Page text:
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Coupling integration servers with version control does wonders to your build process. Two of my favorites are CruiseControl.NET and Hudson - but there's lots out there. Note that both of these work seamlessly with SVN.

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Some kind of subversion web access apps. You can find an comparison here: http://geekswithblogs.net/flanakin/articles/CompareSubversionWebTools.aspx

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2  
Thats a pretty old comparison :) –  Jimmie R. Houts May 11 '09 at 23:44

I really like SyncroSVN (I'm using it on a Mac) Easy to use, built in dif and SSH support.

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I agree with Peter D and Gabriel Florit; in Eclipse you get a gui and you can easily move around in the svn repository, deleting or renaming or whatever. And with Hudson I have it check out my projects and build them and run their unit tests.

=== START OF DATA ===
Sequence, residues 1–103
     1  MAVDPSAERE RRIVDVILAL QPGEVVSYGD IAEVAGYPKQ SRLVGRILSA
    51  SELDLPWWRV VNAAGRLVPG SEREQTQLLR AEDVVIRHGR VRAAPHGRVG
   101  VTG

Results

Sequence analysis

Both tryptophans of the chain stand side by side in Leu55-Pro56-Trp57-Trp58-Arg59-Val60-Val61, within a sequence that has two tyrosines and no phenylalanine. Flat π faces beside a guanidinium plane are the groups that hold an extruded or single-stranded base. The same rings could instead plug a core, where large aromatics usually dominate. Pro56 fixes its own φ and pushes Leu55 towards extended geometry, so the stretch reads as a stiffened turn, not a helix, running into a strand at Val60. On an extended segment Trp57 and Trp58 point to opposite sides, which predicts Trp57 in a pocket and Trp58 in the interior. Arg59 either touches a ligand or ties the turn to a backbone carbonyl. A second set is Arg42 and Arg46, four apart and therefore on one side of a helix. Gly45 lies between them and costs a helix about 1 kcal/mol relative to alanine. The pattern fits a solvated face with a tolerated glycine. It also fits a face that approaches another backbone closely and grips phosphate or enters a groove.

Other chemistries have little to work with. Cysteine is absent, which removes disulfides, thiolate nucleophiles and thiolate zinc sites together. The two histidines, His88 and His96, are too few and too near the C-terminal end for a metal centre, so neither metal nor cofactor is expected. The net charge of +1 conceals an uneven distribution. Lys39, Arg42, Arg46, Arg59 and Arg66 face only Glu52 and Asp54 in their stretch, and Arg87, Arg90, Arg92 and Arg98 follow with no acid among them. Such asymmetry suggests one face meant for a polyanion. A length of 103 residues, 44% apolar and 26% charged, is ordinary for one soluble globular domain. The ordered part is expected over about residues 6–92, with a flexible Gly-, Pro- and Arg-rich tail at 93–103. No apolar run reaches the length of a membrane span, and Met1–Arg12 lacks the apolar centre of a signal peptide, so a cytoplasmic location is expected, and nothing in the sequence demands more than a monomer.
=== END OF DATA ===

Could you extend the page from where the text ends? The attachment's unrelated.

I haven't really explored it, but Maven has plugins for subversion. I use Maven for building and deploying but haven't used it with the subversion plugin.

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I would add a normal Subversion commandline client (e.g. from SlikSvn). By far the easiest way to script and/or automate subversion commands.

And maybe SharpSvn if you need more scripting power or when you would like to integrate Subversion support in your own .Net application. (AnkhSVN, Svn Monitor and several other tools are built on top of the SharpSvn binding).

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commandlinefu made my life easier, I needed some weird stats out, just install cygwin if you're on Windows.